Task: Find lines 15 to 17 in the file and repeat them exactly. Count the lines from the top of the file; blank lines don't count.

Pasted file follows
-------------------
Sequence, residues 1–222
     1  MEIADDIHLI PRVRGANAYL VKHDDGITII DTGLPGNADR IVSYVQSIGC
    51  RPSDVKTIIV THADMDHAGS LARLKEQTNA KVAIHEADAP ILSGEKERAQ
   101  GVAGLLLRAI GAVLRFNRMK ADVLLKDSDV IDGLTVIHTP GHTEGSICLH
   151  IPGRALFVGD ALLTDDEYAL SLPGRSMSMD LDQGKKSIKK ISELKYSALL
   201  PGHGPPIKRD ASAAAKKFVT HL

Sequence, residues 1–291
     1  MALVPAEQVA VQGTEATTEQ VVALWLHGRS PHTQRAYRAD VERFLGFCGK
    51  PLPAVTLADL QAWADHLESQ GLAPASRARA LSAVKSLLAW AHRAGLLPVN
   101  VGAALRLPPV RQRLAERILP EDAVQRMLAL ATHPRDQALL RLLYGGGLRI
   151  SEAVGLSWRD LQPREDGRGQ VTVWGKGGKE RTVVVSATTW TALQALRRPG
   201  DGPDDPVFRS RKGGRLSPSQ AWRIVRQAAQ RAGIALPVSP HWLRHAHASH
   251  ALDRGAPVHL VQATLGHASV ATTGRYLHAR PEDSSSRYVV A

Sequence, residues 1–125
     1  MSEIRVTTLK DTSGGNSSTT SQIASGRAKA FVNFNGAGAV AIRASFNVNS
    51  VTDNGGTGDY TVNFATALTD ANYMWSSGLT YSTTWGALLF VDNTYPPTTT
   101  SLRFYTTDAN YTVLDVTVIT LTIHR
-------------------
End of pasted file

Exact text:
     1  MSEIRVTTLK DTSGGNSSTT SQIASGRAKA FVNFNGAGAV AIRASFNVNS
    51  VTDNGGTGDY TVNFATALTD ANYMWSSGLT YSTTWGALLF VDNTYPPTTT
   101  SLRFYTTDAN YTVLDVTVIT LTIHR